How often we are prevented from doing good because of the false shame we sometimes have. Even worse, out of giving too much importance to the opinion of others, there are people who end up doing bad things. Indecent jokes, bad conversations, immoral activities - all these find an ally in our fear of going against the tide of popular opinion. Let us learn to imitate Christ in his courage in spite of the bad dispositions of others.  

Word Today, Sept. 10, 2002 (Tuesday of the 23rd Week)

    Readings: 1 Cor 6:1-11/ Lk 6:12-19

Before Christ chose the twelve apostles among his numerous followers, the gospel today tells us that he "continued all night in prayer to God." If we look at the twelve people whom Christ eventually chose, we can find no special pattern. They were not exceptional or outstanding. They were simply "chosen." 

The choice of God comes first. When God wants something done, he does not need a "talent scout" to locate the right person. God chooses, then he helps the person of his choice through the appropriate graces. Hence, if you have a calling from God, you should not be afraid to carry out its requirements even if they seem beyond your capabilities. If God chose you, he will give you help when it is needed. 

Word Today, Sept. 11, 2002 (Wednesday of the 23rd Week)

    Readings: 1 Cor 7:25-31/ Lk 6:20-26  

The gospel today is about the "beatitudes and woes." The beatitudes contain a new kind of "moral code" for the Christian. It extols what people usually consider as misfortunes, in the light of the new order of grace established by Christ. 

If we live by faith, we will not judge by worldly standards. Motives of sadness for others will be for us motives of joy. In the words of St. Paul, "For those who love God, everything works together for good." Poverty, persecution, trials, all these help us to get closer to God, and prepare us for our true goal in life. 

Word Today, Sept. 12, 2002 (Thursday of the 23rd Week)

    Readings: 1 Cor 8:1b-7, 11-13/ Lk 6:27-38  

What a demanding gospel! "Love your enemies, do good to those who hate you. Bless those who curse you, pray for those who calumniate you." Is it really possible to do this? Or is this just a rhetorical exaggeration? 

Perhaps the best answer to this question is Christ himself. He died on the cross, brutally treated, yet he died forgiving those who killed him. He even had a "rationalization" for them: they do not know what they are doing. So the answer to our question is that this must be possible. It is possible if we look to Christ. When we find it hard to forgive those who have done us wrong, let us think of Christ on the cross and ask him for grace and strength to fulfill his demands.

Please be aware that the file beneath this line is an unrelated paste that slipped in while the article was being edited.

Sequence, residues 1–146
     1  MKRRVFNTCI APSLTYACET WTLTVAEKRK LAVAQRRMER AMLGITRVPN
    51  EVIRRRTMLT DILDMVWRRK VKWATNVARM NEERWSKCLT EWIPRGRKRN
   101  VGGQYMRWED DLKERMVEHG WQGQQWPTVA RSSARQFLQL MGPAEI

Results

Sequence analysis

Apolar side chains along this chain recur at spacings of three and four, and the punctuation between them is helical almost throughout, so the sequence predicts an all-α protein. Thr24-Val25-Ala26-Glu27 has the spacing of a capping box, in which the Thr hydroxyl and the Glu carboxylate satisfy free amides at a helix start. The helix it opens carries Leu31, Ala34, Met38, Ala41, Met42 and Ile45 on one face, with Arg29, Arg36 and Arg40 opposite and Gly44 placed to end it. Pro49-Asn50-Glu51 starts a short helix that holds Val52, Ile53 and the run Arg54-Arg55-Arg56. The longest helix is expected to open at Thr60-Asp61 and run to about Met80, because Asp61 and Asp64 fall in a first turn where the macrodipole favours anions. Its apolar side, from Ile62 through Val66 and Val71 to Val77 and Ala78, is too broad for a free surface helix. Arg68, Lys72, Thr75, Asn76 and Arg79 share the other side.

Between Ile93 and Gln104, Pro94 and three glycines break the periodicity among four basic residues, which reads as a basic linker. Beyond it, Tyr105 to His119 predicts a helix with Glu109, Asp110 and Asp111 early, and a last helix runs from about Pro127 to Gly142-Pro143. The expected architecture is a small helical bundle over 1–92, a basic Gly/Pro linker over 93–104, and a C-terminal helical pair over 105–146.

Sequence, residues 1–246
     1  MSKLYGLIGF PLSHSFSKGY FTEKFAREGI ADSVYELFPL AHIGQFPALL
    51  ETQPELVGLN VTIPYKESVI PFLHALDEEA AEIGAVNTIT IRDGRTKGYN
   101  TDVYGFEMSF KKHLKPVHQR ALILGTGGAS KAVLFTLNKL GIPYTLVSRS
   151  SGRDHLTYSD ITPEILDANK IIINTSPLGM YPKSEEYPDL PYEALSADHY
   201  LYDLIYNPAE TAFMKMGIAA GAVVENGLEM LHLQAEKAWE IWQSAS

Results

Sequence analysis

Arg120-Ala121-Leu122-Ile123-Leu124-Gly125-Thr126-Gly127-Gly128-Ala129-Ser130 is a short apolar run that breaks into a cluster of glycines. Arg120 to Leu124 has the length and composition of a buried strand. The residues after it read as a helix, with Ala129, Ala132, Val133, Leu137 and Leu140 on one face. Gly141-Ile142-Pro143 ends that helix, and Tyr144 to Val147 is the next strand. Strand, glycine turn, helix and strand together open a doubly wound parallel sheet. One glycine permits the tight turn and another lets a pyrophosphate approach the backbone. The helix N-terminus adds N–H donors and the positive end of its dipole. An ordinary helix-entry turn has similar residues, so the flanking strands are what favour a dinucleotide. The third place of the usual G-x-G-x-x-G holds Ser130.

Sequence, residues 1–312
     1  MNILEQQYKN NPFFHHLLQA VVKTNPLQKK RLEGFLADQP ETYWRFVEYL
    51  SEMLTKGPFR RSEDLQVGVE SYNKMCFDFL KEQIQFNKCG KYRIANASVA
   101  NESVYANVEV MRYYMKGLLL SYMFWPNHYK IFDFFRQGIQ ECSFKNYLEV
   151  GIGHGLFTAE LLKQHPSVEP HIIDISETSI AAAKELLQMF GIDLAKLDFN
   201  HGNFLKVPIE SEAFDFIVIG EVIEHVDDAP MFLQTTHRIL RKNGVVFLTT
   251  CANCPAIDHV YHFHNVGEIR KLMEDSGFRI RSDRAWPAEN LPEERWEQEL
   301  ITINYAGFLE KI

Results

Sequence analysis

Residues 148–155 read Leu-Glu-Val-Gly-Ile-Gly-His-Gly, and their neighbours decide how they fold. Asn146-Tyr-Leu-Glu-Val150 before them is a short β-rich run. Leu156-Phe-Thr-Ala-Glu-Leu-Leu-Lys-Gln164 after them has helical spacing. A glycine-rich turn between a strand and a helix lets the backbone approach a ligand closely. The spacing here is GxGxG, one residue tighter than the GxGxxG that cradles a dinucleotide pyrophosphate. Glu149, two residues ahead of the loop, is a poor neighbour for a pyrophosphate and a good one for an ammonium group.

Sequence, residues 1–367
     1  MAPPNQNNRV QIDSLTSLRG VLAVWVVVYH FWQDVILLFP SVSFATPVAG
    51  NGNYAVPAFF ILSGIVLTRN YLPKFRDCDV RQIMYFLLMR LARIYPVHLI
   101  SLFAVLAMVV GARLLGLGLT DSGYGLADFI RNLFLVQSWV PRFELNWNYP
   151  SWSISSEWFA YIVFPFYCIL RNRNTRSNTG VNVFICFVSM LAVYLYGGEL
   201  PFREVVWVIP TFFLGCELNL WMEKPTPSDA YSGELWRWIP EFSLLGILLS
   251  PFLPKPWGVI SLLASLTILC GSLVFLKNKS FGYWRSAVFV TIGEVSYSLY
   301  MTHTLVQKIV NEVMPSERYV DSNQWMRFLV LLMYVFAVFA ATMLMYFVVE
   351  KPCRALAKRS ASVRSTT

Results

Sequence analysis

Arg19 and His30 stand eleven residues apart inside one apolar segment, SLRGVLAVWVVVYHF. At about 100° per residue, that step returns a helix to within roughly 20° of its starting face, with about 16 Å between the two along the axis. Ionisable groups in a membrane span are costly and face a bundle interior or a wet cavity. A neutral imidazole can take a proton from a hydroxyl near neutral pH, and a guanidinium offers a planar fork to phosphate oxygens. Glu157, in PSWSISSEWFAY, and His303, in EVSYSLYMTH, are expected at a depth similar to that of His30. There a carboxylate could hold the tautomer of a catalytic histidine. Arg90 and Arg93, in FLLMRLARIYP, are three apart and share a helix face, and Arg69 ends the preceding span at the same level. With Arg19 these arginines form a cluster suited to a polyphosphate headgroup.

Word Today, Sept. 13, 2002 (Friday of the 23rd Week)

    Readings: 1 Cor 9:16-19, 22b-27/ Lk 6:39-42  

Today's gospel contains some very wise, yet obvious, observations. The blind cannot lead the blind. We cannot dare to correct the defects in other people when we ourselves are full of miseries. There is a saying: "No man can give what he does not have."  

These are all very good pieces of advice for those who are engaged in the apostolate. If we want to help others, we must start with ourselves. If we want to evangelize, we must first practice the demands of the gospel. This does not mean that we are in a position to help others because we are better than they are. It simply means that we are sincerely trying to improve, so that our advice to others does not smack of hypocrisy. 

Word Today, Sept. 14, 2002 (The Exaltation of the Holy Cross feast)

    Readings: Nm 21:4b-9/ Phil 2:6-11/ Jn 3:13-17  

Today is the feast of the Triumph of the Cross. This is associated with the story of how the Emperor Heraclius recovered the relics of the cross of Jesus. When he wanted to return it in triumph by carrying the cross in procession, he found himself unable to do so. A holy man then told the emperor that he had to divest himself of all his imperial trappings because the Lord was only able to carry the cross in poverty and abnegation. When the Emperor did so, he was able to carry the cross as he wanted. 

We must learn to carry the cross of Christ. This means that we have to bear with all the difficulties and trials that are really part and parcel of every person's life. But in order to be able to do this, we must have the right disposition. We cannot carry the cross that suits us. Rather, we must carry the cross that God sends, with a spirit of abnegation and sacrifice.